Two centre-left (S&D group) lawmakers published a report on Wednesday (6 December) revealing severe cases of corruption on Bulgaria’s border with Turkey and called on Sofia to take immediate action to address a situation that violates EU citizens’ rights.
Dutch MEP Kati Piri and her Belgian colleague Kathleen van Brempt said they received a significant number of complaints from EU citizens, mainly from Belgium and the Netherlands, who travelled to and from Turkey by car for holidays last summer.
The MEPs pointed out that incidents of corruption on the Bulgarian side fo the border have been reported for years now but noted it was high time the government took measures to stop them.
“Most complaints are describing situations in which people had to pay bribes to avoid extensive car checks, and that they would have to pay for mandatory ‘disinfection’ of cars,” the report noted, adding that this “disinfection” costs €3 and consists of nothing more than the car passing over a muddy puddle of water.
The report notes that the disinfection fees were last introduced in 2011 because of an outbreak of foot and mouth disease in Turkey. However, the MEPs explained that the continued compulsory preventive disinfection at the Bulgarian border cannot be justified.
“The Greek authorities have confirmed to us that there is no specific directive on the disinfection of incoming vehicles from Turkey as there is no outbreak known in the neighbouring countries of a virus or epidemic which may be endangering public health by any public data with regard to that risk,” the report underlined.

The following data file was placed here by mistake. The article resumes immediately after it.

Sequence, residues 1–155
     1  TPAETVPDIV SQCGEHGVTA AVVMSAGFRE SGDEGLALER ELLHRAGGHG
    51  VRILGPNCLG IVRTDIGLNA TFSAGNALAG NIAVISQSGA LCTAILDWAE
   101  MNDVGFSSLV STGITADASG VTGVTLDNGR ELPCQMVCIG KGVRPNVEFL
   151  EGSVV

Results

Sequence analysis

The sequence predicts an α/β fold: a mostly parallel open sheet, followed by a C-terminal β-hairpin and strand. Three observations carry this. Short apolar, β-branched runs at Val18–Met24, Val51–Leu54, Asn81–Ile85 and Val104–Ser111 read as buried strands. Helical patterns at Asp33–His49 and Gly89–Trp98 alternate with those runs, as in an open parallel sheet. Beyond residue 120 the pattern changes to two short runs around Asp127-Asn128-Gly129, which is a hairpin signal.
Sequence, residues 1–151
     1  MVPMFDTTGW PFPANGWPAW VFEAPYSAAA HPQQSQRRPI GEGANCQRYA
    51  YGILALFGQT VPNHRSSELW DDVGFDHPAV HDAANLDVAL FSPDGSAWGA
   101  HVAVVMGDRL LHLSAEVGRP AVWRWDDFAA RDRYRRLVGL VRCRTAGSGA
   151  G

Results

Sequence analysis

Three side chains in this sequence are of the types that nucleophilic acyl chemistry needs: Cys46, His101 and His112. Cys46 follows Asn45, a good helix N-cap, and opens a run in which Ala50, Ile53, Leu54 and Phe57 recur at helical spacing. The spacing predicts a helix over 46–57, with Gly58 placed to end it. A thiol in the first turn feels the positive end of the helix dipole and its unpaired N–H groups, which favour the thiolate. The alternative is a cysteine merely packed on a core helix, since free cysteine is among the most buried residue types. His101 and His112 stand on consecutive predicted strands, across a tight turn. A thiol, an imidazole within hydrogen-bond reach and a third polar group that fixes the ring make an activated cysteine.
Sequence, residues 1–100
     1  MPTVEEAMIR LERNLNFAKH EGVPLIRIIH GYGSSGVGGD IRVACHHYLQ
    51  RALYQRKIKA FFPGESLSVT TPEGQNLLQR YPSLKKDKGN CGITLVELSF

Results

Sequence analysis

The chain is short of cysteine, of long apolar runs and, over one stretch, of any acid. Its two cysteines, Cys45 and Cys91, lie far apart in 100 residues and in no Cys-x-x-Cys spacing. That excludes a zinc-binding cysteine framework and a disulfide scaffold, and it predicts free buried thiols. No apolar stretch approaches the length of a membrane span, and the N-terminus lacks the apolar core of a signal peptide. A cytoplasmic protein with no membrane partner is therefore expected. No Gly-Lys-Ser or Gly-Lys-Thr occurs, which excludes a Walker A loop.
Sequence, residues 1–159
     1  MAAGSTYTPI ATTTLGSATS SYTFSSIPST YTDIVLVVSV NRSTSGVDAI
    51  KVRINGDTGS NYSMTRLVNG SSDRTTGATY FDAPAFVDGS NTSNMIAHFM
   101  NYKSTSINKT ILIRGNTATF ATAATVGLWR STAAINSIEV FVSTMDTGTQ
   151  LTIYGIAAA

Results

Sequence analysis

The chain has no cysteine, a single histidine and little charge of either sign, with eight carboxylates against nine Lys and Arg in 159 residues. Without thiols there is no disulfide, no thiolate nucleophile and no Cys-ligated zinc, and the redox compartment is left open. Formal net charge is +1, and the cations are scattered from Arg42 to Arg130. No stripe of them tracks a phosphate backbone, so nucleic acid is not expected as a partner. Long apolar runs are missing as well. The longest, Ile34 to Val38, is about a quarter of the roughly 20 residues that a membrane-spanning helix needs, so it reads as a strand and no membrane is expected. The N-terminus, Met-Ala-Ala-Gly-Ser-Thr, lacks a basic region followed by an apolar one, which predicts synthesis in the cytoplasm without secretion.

“Disinfection at the border crossing? A dirty splash of water over your car for which you have to pay €3? It’s just legal theft, just calculate it when every driver has to pay this,” another EU citizen said.
Piri stressed the rights of EU citizens were being violated by a country that will soon be holding the EU Presidency.
“This corruption must come to an end. Bulgaria joined the EU ten years ago and has received millions of grants to put an end to corruption, but far too little progress has been made,” she said.
Bulgaria will take over the rotating presidency of the Council of the EU from 1 January. With this report, EU lawmakers want to send a strong political message to the Bulgarian authorities, EURACTIV.com was told.
The MEPs noted that the main complaints concern bribes solicited by border and customs officials as well as police officers when crossing into the country.
According to the report seen by EURACTIV, an EU citizen said, ““I crossed the border in Bulgaria. We waited for a long ten hours. The border control police asked me for money. I had to put €10 in the passport. If not, they’ll ask for it. If you refuse, you can wait for hours.”
Another EU citizen reported that an entire suitcase was opened and emptied. “If you don’t have any cash, they will ask for Red Bull or a pack of cigarettes.”